It might seem like an everyday part of life now, but I’m sure that everyone reading this will remember a time before the internet – a time clouded by radio times, Ceefax, VHS and… Encyclopaedias! However, ever since the internet became widely available to the public and we were introduced to the melodic tones of the 56K modem dialling in, a whole new gateway of services was opened.
Now, actually listing everything that the internet has created would require me to type for at least 9 consecutive days, so I will count down my ‘Top 11 Favourite Internet Inventions’ for your delectations. If there’s anything I’ve missed or you disagree with, please leave a comment below!
11. Online Gaming
Okay, okay, I’m a geek. I can’t deny it. I remember trying to play Return to Castle Wolfenstein on a 56K modem and consistently getting shot before I’d even seen enemy players that were lucky enough to have upgraded to broadband. However, when I eventually got the upgrade, a whole new world of possibilities was opened – MMORPGs, competitive first-person-shooters and even complex web-based games became a part of every-day life… and IT lessons at school.
The majority of flash games are created by young animators and appear on sites such as Newgrounds.com and ArmorGames, using software on the Adobe suites ; however more recently, a number of ad agencies have used flash games as part of a marketing campaign to encourage interactivity and promote the product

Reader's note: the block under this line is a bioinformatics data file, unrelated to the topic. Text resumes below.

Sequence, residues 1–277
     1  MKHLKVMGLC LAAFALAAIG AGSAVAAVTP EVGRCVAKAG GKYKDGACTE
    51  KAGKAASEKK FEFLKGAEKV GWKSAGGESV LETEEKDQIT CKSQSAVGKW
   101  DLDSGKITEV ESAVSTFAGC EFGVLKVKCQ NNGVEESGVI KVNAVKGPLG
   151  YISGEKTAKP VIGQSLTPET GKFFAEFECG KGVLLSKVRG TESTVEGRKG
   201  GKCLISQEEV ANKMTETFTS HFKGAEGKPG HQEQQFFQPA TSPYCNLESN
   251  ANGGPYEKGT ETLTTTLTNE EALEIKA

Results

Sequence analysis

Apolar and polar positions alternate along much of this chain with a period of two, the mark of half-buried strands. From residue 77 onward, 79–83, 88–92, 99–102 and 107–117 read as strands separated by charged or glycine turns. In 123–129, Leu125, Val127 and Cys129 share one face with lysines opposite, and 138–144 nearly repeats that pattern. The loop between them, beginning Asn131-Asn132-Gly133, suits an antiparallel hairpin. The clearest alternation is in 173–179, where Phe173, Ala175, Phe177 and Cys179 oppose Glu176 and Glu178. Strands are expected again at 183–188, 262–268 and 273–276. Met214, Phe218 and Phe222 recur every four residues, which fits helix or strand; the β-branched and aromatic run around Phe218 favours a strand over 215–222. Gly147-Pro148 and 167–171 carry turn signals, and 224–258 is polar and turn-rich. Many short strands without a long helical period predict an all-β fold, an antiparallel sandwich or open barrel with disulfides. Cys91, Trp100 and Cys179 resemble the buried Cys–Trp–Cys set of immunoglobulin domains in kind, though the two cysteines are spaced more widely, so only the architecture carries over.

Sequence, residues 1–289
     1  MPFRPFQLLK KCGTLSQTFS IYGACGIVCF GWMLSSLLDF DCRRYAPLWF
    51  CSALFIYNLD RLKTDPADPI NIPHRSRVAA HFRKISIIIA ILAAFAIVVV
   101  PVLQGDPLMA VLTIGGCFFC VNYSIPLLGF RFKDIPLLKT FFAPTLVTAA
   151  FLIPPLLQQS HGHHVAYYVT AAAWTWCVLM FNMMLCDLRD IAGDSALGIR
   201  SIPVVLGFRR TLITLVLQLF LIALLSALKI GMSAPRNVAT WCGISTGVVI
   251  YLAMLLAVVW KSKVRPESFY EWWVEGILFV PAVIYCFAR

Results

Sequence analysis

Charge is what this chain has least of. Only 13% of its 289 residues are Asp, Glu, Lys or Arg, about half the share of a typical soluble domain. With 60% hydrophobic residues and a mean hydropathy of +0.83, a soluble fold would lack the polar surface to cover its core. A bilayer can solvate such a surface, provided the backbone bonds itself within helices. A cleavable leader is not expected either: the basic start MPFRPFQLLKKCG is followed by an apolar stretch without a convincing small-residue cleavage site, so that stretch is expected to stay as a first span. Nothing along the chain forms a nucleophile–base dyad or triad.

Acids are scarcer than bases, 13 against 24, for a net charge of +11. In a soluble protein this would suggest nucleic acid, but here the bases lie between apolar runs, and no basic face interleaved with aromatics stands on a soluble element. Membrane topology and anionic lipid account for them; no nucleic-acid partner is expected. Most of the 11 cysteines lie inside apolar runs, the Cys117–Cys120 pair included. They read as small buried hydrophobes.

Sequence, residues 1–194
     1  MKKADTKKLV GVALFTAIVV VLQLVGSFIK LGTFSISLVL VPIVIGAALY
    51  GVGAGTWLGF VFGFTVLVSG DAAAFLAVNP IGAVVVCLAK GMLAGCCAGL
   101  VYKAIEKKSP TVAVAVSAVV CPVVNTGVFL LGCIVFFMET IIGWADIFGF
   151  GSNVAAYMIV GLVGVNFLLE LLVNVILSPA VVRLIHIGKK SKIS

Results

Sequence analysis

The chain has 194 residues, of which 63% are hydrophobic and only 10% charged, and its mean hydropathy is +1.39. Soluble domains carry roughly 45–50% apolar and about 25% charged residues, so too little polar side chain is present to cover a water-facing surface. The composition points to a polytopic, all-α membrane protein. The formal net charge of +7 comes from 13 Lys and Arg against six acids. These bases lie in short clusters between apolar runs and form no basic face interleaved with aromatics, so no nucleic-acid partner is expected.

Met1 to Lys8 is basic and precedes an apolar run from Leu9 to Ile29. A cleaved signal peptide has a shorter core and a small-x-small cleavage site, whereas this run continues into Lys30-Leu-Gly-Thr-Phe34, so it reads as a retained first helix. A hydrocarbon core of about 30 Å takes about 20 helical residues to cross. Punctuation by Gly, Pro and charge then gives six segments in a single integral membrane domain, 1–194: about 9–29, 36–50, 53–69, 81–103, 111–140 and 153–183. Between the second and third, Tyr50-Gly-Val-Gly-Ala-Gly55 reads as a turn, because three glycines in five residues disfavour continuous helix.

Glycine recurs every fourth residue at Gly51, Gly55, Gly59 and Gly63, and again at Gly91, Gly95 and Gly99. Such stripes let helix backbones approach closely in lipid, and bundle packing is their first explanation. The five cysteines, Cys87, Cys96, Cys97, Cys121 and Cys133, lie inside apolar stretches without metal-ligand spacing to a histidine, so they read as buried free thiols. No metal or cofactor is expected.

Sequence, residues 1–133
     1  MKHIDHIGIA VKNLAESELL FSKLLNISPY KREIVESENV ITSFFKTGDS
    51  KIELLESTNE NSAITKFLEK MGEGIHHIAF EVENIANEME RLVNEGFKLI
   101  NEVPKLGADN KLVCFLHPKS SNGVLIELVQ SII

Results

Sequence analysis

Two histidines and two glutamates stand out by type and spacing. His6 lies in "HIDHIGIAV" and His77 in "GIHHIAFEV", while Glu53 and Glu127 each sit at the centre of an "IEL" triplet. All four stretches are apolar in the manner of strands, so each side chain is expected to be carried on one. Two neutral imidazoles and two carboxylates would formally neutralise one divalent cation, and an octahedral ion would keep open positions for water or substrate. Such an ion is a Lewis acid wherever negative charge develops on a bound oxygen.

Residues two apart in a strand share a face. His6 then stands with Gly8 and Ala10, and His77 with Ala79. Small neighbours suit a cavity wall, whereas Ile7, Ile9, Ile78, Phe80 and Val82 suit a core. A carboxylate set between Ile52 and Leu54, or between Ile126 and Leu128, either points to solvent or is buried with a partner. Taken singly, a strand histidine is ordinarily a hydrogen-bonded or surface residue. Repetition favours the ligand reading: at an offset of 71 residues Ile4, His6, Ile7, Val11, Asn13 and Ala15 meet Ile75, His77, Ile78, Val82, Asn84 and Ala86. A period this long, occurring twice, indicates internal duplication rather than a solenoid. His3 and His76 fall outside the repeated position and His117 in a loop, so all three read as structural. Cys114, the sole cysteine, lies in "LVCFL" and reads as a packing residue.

10. Instant Messaging
Hours and hours were spent up into the early morning, plagued by these irritating noises as I waited for a friend to respond to my witty conversations. This is still going strong and shows little hint at ever ceasing, however has been replaced with newer sounds such as this and this.
In its most basic form, instant messaging actually predates the internet, taking advantage of peer-to-peer communication or using the same computer; however in the mid-1990s, services such as ICQ and AOL Instant Messenger took off, closely followed by more popular options such as MSN Messenger.
For anyone that isn’t totally aware, a meme is an internet ‘in-joke’ often revolving around a humorous video or image, and whilst they’re often driven into the ground through over-use, they’re genuinely funny for a while. Until things like this start to happen…
8. Discussion Forums
Again, another time-vampire of mine, I would spend hours discussing pointless topics on forums and throughout my web browsing history have been a moderator for both the Black & White and Lemon Jelly forums.
7. The Blogosphere
Often regarded as the best source of news and opinion, the blogosphere has exploded across the internet, allowing anyone to become a writer, whether it’s for a personal diary of events, journalistic insight or just humour. As well as this, blogs have paved the way for a wide variety of web-comics that have become must-reads on the internet.
One of the first recognised bloggers was Justin Hall, who began his blog titled ‘Justin’s Links from the Underground’ whilst he was a student at Strathmore College – the blog served as a basic portal to interesting sites on the web, and is still continuing strong today.
6. Online Shopping
I can’t even begin to think how much money I have saved (and spent!) thanks to online shopping – opening payment gateways to shoppers across the world, we can now purchase items without leaving the house and have them delivered by mail. With the advent of digital downloads, we also now have instant gratification and can experience media after a single transaction.